Learning Not to be My Sister’s Keeper

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One of the hardest parts of moving (and lacking the funds to justify an $800 round trip ticket) is missing major family events.

This week, my sister had a baby girl. She has ten fingers, and ten tiny toes, a mouth, ears, elbows, kneecaps, lungs, liver, and two eyes too large for their still half sealed lids. It is all a miracle, because the baby came six weeks early. Failure to thrive. She weighs 3 pounds and has no baby fat on her tiny, wizened body. I love her already.

It is not so different from when her brother was born. Jasper had wrapped the umbilical cord around his face, so his eye was swollen and his face was bruised and his nose was smashed. Our little Quasimodo, my sister said.

When Jasper was born, I was going to school nearby, so I would come over on Tuesday and Thursday afternoons to help babysit while his parents were working and in classes. I fed him, I changed him, I cleaned the cottage cheese he spewed across the kitchen floor, I held him when he was sick, I danced with him on lazy afternoons, Jasper on tiptoe, hands in the air, making circles. I washed him and dried him, tickling his pudgy stomach to distract him from the dimming lights. I fed him a bottle, sang his lullaby, kissed his cheek and put him, sleeping now, into the crib.

But this time I am in North Carolina, thousands of miles away from being able to do anything useful, and I am struck by the disappointment I feel in not being able to be aunt, or sister. I feel profound longing, not just to see my sister and niece but to help them, to do the dishes or clean the house or make a dinner.  And I have been helpful to them, sans my mistaking cayenne pepper for chili powder in Jasper’s chili.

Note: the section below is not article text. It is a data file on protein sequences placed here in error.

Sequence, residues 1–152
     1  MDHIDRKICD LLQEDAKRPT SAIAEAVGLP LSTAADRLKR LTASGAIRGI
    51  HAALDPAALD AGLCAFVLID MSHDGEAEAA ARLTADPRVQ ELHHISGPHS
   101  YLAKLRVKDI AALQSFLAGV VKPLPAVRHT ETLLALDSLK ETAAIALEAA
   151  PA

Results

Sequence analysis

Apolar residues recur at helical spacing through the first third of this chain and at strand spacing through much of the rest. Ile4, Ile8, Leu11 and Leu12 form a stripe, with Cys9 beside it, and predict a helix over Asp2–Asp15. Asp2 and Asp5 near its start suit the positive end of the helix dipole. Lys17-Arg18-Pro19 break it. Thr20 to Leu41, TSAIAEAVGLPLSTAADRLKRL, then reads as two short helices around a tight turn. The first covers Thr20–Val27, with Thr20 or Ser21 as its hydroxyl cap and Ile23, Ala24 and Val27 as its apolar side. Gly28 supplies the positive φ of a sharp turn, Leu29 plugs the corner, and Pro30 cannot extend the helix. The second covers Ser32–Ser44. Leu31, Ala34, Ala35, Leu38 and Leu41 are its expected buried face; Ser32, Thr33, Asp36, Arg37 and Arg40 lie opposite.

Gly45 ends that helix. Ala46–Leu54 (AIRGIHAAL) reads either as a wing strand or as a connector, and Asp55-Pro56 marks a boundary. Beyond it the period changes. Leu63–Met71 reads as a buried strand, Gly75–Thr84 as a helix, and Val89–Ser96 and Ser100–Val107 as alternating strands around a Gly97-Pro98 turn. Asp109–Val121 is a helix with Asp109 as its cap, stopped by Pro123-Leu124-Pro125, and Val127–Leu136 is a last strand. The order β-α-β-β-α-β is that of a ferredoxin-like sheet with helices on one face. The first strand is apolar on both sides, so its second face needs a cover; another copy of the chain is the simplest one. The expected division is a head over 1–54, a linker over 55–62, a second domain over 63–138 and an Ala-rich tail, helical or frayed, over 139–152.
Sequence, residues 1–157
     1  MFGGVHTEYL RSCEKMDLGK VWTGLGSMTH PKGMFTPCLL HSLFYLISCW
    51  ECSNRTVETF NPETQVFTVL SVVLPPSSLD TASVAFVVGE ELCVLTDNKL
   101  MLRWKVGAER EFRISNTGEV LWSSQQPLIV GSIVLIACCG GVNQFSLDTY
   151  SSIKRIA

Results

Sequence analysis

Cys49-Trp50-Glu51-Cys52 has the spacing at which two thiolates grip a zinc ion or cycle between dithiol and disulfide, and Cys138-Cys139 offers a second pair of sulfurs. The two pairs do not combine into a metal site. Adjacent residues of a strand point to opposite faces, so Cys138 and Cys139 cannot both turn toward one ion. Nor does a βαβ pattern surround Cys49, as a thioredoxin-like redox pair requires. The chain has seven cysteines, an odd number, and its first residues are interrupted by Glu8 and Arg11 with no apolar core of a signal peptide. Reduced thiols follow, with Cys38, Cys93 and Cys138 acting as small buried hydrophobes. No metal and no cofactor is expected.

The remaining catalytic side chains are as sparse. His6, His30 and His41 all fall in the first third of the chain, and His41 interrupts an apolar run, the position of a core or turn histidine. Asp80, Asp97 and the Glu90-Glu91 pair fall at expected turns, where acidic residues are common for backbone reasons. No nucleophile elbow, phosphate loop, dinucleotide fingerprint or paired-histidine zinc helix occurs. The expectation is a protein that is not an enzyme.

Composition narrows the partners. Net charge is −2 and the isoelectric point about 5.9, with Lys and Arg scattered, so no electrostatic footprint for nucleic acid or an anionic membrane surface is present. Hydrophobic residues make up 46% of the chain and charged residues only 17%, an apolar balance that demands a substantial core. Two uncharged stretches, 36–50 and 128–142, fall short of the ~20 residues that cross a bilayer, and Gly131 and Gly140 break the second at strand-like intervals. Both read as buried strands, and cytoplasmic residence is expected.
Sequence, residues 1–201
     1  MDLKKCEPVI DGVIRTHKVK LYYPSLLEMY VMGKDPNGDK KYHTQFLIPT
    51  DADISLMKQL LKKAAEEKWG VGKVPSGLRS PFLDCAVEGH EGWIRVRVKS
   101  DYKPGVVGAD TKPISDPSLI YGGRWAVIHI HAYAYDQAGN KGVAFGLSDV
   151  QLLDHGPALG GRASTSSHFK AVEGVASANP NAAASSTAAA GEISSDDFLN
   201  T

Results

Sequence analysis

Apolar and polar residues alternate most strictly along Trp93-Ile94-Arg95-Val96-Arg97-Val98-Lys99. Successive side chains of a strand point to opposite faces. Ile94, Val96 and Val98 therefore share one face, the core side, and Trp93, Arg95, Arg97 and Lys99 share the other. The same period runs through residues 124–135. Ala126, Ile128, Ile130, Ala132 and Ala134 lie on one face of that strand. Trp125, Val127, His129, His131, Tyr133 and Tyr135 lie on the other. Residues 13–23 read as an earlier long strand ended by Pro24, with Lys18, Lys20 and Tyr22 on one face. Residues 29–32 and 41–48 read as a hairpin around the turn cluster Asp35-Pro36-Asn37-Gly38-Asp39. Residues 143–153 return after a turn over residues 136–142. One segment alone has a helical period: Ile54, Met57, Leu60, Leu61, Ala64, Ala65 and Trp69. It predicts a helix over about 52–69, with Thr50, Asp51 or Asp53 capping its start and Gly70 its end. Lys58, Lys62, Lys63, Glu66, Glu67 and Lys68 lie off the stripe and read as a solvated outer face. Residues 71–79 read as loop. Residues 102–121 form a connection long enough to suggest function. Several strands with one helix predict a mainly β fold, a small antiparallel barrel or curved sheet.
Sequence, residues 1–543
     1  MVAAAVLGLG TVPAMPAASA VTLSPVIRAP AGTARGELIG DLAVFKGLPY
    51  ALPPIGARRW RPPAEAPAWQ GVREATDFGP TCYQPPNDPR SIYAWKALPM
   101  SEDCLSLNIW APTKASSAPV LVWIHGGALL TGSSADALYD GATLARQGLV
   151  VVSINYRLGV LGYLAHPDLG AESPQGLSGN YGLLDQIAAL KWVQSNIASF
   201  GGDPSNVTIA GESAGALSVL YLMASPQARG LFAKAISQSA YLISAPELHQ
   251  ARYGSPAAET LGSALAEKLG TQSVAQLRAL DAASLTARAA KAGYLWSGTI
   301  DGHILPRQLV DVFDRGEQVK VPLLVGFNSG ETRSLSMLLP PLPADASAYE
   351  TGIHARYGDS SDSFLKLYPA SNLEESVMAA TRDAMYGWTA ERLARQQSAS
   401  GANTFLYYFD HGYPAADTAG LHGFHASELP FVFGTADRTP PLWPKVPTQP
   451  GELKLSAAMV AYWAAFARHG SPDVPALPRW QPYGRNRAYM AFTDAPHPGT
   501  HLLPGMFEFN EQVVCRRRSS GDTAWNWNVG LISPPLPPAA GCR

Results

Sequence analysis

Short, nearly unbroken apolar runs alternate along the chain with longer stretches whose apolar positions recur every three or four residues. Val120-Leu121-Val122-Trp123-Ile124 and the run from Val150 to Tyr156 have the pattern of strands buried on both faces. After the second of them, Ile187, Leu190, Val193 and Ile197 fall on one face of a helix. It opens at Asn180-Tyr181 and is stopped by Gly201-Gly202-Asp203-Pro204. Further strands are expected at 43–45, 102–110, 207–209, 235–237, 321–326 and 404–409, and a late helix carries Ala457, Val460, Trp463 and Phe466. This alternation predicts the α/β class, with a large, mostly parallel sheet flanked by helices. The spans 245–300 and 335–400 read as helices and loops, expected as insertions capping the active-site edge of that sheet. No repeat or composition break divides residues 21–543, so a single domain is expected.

Yet I recognize that my absence now will not be an insurmountable loss. All that I could do can and in fact will be done by other people. So it is strangers who I am left to trust, strangers who I hope will see this baby, this sister, this family, and love them, already.

In my family’s church members call one another brother and sister. I find in this title a promise, that promise of sister. No doubt a council has already been held, needs determined, assignments made, legions of crockpot meals and cookies delivered, and were Jasper not with his grandma in Wyoming, he would find a warm home away from the sterile halls of the hospital to play in. These people, that organization, it is all a miracle.

And our religion is not the only example of faithful watchmen. It has been like this a long time, perhaps even before Henry Ford began producing and families diffused across the wide expanse, far from the familiar lands their people had inhabited for centuries. And it continues: children leaving home, mothers, like Jochebed, trusting in the kindness of faceless villagers from faceless villages.

I have great faith in the compassion of my sister’s village, because I have felt that same compassion here, 2,159 miles away. We are perhaps the youngest couple in our church, and it was confirmed last week that I am the youngest married woman. Just a little girl, compared to many. But since moving we have been invited to dinners, lectures, choir, book club, and pick up soccer. These strangers from our church have given us job help, Lebanese food, tips to city life, assignments. Brother. Sister. So pleased you are here. Truly, I believe they are.

Heather, Justin, Jasper, baby. I miss them, like the rest of my family. And always, I will miss them. But I am learning now to trust in the actual brotherhood of strangers, and in the significance of a foil-covered casserole dish left anonymously at the back door on a lonely Tuesday night.

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